PRESCOTT, CHARLES RAMAGE, merchant, politician, justice of the peace, office holder, and horticulturist; b. 6 Jan. 1772 in Halifax, seventh child and fourth son of Jonathan Prescott and Anne Blagden; m. first 6 Feb. 1796 Hannah Whidden (d. 1813), and they had seven children; m. secondly 9 Feb. 1814 Mariah Hammill, and they had five children; d. 11 June 1859 in Cornwallis, N.S.
Charles Ramage Prescott was a Nova Scotian pre-loyalist of impeccable credentials. His father, a surgeon and engineer in the siege of Louisbourg, Île Royale (Cape Breton Island), in 1745, had settled in Halifax by 1752, where he established himself as a luckless entrepreneur under Joshua Mauger*’s influence. Charles’s brothers were respectively a doctor, a yeoman farmer, and Halifax’s first commercial brickmaker; a sister married the prominent merchant Rufus Fairbanks. Charles himself took up the profession of his brother-in-law, and by 1800 had established himself in partnership with another pre-loyalist, William Lawson*. During the next decade, Prescott and Lawson epitomized Halifax’s prosperous waterfront in the Napoleonic era: trading to the Iberian Peninsula, the West Indies, and the Canadas; privateering on the south Atlantic; and trans-shipping British goods to the United States to thwart the embargo. In 1809 Joseph Allison, later the husband of Prescott’s eldest daughter, joined the partnership to form Prescott, Lawson and Company. The following year Lawson, mla for Halifax County since 1806, sold his interest in the firm to Prescott, who himself sold half their wharf a year later to entrepreneur Enos Collins*. On 31 Dec. 1811 Prescott, Lawson and Company was dissolved, Allison alone apparently remaining active in commerce. Throughout the life of the firm, Prescott had been its senior partner. As such, he played an active role in Haligonian commercial life, subscribing for the apprehension of naval deserters, buying government bills at discount, participating fully in the Halifax Committee of Trade, and favouring the formation of a local joint-stock bank.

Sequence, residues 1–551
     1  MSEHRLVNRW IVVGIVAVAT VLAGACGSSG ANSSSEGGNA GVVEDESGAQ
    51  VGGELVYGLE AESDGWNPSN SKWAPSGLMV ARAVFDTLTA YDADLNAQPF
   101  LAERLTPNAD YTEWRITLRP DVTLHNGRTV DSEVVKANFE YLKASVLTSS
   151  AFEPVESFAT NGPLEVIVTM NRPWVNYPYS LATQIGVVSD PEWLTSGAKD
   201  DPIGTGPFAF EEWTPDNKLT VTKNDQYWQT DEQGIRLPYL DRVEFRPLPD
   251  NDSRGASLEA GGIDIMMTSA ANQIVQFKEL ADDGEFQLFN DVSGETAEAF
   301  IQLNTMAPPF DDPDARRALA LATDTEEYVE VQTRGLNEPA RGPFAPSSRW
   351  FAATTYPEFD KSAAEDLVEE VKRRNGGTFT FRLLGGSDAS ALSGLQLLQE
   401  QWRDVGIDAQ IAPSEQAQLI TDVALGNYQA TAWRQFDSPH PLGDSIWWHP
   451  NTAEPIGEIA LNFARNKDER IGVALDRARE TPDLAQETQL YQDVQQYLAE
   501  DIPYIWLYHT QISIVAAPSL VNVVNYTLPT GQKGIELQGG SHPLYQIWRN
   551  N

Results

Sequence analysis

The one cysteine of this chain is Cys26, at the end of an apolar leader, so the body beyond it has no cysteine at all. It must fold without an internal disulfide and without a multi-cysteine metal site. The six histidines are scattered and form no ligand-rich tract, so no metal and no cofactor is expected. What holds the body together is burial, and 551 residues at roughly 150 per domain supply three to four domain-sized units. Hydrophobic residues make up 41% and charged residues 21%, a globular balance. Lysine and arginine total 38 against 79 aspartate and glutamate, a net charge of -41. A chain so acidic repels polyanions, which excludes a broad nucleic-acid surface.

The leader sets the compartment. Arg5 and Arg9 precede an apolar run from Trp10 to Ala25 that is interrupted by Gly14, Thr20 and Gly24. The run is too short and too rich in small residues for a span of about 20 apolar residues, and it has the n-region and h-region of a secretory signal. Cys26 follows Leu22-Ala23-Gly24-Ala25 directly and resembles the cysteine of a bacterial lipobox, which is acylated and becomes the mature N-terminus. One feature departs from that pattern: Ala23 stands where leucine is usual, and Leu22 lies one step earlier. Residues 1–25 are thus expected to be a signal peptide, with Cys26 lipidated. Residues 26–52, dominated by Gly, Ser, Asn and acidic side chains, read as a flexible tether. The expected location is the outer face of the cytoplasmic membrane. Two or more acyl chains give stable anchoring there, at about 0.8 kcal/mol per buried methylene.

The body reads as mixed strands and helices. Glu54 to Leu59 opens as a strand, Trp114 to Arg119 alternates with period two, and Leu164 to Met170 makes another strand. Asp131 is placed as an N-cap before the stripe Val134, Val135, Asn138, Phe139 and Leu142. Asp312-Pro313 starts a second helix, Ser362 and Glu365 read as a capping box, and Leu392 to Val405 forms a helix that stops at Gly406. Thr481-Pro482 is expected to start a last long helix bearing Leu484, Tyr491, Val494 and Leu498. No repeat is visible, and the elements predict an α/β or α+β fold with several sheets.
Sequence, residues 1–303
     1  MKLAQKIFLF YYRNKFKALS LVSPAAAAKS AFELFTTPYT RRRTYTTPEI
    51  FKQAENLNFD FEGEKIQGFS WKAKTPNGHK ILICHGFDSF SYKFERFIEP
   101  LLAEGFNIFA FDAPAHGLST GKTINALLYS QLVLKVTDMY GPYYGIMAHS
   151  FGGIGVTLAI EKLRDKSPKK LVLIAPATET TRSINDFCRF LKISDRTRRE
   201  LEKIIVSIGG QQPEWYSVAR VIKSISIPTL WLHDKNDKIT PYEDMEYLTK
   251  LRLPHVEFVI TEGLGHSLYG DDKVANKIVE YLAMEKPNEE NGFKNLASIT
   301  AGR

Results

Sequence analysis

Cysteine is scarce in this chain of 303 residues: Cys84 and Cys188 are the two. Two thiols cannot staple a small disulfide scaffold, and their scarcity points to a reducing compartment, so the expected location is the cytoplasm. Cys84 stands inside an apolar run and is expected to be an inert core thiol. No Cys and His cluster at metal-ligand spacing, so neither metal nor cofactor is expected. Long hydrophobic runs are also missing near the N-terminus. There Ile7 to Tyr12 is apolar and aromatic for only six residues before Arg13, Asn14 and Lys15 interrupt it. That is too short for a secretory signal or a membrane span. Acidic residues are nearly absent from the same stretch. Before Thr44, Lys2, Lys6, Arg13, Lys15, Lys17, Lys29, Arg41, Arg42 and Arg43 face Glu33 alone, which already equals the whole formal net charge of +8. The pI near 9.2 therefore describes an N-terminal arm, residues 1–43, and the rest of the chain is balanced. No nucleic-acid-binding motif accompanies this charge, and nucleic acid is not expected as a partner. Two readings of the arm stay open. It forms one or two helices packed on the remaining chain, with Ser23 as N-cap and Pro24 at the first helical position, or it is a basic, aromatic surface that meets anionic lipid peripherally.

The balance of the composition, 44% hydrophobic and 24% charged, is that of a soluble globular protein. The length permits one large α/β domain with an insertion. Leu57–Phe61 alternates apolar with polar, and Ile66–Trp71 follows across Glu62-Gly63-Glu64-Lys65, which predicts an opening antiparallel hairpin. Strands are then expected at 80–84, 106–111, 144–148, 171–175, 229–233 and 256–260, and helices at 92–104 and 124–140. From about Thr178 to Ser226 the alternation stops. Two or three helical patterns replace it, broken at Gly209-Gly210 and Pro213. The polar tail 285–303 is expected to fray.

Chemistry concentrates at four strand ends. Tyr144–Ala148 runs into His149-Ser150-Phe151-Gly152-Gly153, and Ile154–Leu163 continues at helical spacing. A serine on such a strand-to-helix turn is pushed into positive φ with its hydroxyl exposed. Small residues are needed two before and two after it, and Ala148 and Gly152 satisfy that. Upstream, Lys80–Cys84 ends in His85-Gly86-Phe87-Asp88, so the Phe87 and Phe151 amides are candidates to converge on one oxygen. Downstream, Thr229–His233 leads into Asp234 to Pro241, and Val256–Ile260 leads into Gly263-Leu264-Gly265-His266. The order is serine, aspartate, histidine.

The dissolution of the firm, however, brought an end to Prescott’s mercantile career. By mid 1812 he had left Halifax, reportedly on account of his health, to settle in Cornwallis. Here, he built a handsome seat, the fine neoclassical “Acacia Grove,” where he pursued the life of a country squire. A magistrate, warden of the parish church, and trustee of the grammar school, he invested in local mortgages and took part in regional improvement, serving as a commissioner for erecting a bridge and as president of the agricultural society. From 1818 to 1820 he was mla for Cornwallis Township; he was not an active legislator and, upon dissolution of the assembly at the death of George III, he was replaced by John Wells.
Prescott fitted more comfortably into the Council, to which he was appointed in 1825. For over a decade the only councillor resident outside the capital, he attended his unremunerated duty with admirable regularity during legislative sessions, though not at other times. The brother-in-law of an Anglican clergyman, he maintained a conservative position on controversial religious and educational issues such as the Pictou Academy [see Thomas McCulloch*]. On commercial matters, his views were likewise conservative, befitting a successful, if retired, merchant and a substantial shareholder in the provincial debt. Host to successive lieutenant governors at his country estate, Prescott was “of the stuff councillors are made of.” It was no doubt this quality which led to his retirement in 1838 when Lieutenant Governor Sir Colin Campbell* was instructed to broaden the representative character of his advisers. Prescott was succeeded by his former partner Lawson.